Gerard Smyth

We like it here beside the river

We like it here beside the river
that knows its way from source to sea.
We tramp its riverbank, cross the iron bridge.
At home we have it on an old map of the city –

one that shows downtown territory and routes
that take us through a place of shady deals,
past the house of chandeliers  –
across the river and through the park

where all the trees stand waiting,
either for the rain or that sunny day in April.
The lights along the river
make the river look like its playing with fire.

A river-wind comes with the tide
to sharpen the aroma of brewing yeast.
We like it here beside the river: men on the street
are digging for leaks – water-burst, gas escape.




Sitric’s Kingdom

In Sitric’s kingdom our games were simple:
Spin-the bottle, Blind-man’s buff.
Every night behind the infirmary
the sun went down but never in a hurry.
That’s where I wore my sheriff’s star,
my Robin-of-Sherwood hat, where I saw the hearse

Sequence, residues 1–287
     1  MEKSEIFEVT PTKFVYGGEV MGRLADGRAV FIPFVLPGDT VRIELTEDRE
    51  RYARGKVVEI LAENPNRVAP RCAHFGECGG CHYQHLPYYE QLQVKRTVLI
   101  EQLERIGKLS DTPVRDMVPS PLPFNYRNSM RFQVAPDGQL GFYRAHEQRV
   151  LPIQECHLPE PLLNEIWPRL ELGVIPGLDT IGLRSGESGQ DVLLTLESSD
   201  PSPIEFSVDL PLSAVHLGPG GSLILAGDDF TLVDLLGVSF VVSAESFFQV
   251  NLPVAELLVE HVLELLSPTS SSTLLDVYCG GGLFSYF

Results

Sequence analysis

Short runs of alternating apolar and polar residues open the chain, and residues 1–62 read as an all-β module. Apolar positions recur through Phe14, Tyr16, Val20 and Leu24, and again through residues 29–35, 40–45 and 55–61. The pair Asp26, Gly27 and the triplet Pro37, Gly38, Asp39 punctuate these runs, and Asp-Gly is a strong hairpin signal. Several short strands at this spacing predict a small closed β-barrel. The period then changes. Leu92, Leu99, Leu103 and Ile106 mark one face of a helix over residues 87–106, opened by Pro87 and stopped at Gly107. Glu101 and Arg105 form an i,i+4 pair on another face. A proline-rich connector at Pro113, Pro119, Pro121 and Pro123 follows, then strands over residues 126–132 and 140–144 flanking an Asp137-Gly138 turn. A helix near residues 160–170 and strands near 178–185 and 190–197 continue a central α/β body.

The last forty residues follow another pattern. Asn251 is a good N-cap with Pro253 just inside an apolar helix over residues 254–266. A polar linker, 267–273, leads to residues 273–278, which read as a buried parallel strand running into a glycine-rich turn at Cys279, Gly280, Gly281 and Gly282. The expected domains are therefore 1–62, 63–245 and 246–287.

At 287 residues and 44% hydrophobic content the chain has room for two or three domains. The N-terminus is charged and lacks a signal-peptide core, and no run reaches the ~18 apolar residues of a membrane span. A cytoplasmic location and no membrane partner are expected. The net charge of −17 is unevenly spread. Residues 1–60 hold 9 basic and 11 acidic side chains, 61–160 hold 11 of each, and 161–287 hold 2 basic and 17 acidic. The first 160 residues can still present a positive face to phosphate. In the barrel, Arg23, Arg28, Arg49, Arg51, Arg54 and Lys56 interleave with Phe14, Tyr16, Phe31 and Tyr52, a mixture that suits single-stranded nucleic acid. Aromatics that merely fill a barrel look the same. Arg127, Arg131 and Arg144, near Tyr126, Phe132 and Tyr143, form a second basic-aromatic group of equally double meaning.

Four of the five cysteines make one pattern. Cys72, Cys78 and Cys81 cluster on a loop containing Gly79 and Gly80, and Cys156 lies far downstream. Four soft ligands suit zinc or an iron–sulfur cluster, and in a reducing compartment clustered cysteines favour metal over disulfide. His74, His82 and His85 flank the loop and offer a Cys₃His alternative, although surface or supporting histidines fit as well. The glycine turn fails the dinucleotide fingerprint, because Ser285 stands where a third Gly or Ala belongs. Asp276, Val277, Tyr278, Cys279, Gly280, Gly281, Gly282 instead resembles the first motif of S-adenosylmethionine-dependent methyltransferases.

and funeral car taking forever to pass,
heard carols at Christmas in the Church of St Nicholas
and great bells that shook our window
on the world of trader, merchant,
brewery men delivering stout;
the god of repairs who could mend and fix,
The midwife, too, who lost count
of cries she heard, for mother’s milk.







Gerard Smyth was born in Dublin in 1951 and began publishing poetry in the late 1960s when his first poems were published by David Marcus in the New Irish Writing Page of The Irish Press and by James Simmons in The Honest Ulsterman. His most recent collection is The Fullness of Time: New & Selected Poems (Dedalus Press, 2010). He is a member of Aosdana. His website is